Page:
Lolo Peak Fire is 90 Percent Contained
Snow, rain and colder temperatures have brought fire behavior throughout western Montana to “minimal” levels. Most of the large fires remain in the “active” category with smoldering areas continuing to burn.
Last week’s acreage of the Lolo Peak Fire is still the same this week, with no growth. The estimate put the acres burned at 53,902 acres, according to the Monday morning Lolo Peak status report.
All evacuations and evacuation warnings were lifted by the Ravalli County Sheriff, though there are still some closed roads and trails at the Lolo Peak Fire. Crews were attacking some hot spots north of Larry Creek this weekend.
Stage 2 fire restrictions have been lifted in Ravalli County and Stage 1 and 2 fire restrictions were lifted in Missoula County.
However, Open Burning is still prohibited in both counties.
Work at the Lolo Peak Fire is mainly rehabilitation work – 127 miles of fire line is being “repaired,” with over 75 miles completed so far. In some places, snow has prevented work, mainly in the southern end of Elk Meadow Road.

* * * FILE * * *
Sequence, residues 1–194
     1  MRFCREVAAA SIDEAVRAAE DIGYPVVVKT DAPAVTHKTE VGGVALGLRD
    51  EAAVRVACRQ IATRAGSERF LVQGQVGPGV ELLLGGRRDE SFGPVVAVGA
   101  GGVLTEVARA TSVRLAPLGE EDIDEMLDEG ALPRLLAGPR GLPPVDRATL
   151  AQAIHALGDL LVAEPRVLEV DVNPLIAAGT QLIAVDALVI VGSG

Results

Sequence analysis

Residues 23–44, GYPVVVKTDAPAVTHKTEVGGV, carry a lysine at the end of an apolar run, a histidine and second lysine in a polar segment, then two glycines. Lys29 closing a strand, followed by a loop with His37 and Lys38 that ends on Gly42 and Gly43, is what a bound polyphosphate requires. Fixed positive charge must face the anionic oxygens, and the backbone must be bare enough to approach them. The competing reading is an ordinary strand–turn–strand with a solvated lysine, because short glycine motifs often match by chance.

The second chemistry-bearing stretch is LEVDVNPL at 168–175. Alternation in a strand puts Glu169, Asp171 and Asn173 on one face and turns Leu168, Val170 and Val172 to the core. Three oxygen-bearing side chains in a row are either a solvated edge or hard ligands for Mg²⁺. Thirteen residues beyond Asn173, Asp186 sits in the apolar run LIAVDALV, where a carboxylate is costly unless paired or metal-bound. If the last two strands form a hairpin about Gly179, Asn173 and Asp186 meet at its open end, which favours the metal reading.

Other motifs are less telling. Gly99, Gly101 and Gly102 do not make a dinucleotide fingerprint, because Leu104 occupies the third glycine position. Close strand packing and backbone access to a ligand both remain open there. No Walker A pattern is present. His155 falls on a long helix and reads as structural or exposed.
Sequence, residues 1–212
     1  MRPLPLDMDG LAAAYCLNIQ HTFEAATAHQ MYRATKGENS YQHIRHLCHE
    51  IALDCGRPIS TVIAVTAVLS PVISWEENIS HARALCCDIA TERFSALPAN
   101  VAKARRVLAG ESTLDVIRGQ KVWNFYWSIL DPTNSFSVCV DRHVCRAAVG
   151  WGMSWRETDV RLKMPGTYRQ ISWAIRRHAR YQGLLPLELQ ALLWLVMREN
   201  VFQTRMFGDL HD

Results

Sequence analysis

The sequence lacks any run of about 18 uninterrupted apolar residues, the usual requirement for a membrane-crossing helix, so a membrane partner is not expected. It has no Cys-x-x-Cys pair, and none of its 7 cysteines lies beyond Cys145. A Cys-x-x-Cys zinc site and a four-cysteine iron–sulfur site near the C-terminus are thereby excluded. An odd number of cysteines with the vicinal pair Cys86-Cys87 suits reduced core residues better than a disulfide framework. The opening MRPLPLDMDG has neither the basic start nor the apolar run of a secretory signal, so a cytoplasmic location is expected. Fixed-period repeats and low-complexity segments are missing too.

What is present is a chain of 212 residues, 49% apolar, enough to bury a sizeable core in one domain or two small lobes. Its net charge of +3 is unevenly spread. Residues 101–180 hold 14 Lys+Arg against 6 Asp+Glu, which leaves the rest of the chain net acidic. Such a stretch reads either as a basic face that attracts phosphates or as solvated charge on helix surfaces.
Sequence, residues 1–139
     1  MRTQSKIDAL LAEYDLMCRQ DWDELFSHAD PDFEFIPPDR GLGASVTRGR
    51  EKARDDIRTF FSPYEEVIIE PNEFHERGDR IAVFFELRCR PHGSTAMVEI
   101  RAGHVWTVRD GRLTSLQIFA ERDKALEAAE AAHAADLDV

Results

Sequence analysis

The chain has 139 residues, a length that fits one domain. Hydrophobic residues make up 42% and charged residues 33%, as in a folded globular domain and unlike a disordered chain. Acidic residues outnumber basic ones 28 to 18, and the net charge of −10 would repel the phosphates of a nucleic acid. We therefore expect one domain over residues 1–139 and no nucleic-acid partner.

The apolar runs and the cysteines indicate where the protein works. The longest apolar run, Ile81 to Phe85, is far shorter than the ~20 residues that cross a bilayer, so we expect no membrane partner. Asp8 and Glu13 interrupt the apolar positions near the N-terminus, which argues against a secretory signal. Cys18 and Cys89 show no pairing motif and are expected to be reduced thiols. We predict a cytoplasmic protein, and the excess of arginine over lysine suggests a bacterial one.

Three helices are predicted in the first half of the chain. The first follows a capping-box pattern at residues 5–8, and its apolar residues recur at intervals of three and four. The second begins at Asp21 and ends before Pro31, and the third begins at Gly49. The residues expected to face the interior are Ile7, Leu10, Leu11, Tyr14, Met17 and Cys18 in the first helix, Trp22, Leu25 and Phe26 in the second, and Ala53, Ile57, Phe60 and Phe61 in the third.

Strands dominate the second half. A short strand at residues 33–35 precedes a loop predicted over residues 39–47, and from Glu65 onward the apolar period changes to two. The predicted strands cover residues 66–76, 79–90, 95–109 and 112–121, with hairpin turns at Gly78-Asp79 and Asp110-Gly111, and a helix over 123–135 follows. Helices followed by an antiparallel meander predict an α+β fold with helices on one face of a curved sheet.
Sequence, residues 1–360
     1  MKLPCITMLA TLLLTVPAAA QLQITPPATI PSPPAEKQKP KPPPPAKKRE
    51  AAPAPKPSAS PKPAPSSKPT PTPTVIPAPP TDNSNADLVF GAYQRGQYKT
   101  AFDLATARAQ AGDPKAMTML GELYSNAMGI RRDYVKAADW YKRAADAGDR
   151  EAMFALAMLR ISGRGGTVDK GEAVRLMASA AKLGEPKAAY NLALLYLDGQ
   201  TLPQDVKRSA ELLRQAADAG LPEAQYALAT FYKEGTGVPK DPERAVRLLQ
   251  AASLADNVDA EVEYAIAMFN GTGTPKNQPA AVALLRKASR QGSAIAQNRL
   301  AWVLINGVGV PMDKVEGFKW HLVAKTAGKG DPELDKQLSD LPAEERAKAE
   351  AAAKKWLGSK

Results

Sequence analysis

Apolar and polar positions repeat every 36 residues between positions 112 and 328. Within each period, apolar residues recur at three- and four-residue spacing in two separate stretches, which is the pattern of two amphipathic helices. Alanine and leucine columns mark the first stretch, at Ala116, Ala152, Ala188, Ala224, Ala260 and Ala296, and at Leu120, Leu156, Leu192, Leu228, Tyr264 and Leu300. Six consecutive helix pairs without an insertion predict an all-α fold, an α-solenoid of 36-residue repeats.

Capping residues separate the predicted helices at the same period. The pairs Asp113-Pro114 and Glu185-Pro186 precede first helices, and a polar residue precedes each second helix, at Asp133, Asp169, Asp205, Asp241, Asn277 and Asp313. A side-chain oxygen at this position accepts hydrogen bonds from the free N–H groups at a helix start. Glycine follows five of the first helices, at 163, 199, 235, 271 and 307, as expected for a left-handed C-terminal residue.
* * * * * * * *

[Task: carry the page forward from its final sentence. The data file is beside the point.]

Besides repairing the fire lines, crews are also fixing damaged fences and clogged streams. Large equipment such as excavators and log loaders are being added daily, according to officials.
Information bulletin boards are still in place at the intersection of Highway 12 and US 93, at Traveler’s Rest on Highway 12, at IGA in Florence and Super One at Stevensville.
The Meyers Fire, which crept into the upper East Fork of the Bitterroot Valley is listed as 62,034 acres with 64 people still on the 90-percent contained fire. Rehabilitation work is the main duty there. All evacuation warnings on the Bitterroot National Forest and Ravalli County were lifted last week.
Other smoldering fires – still active – include the Rice Ridge Fire at 160,181 acres, the Sapphire Complex at 43,733 acres, the Highway 200 Complex at 47,118 acres.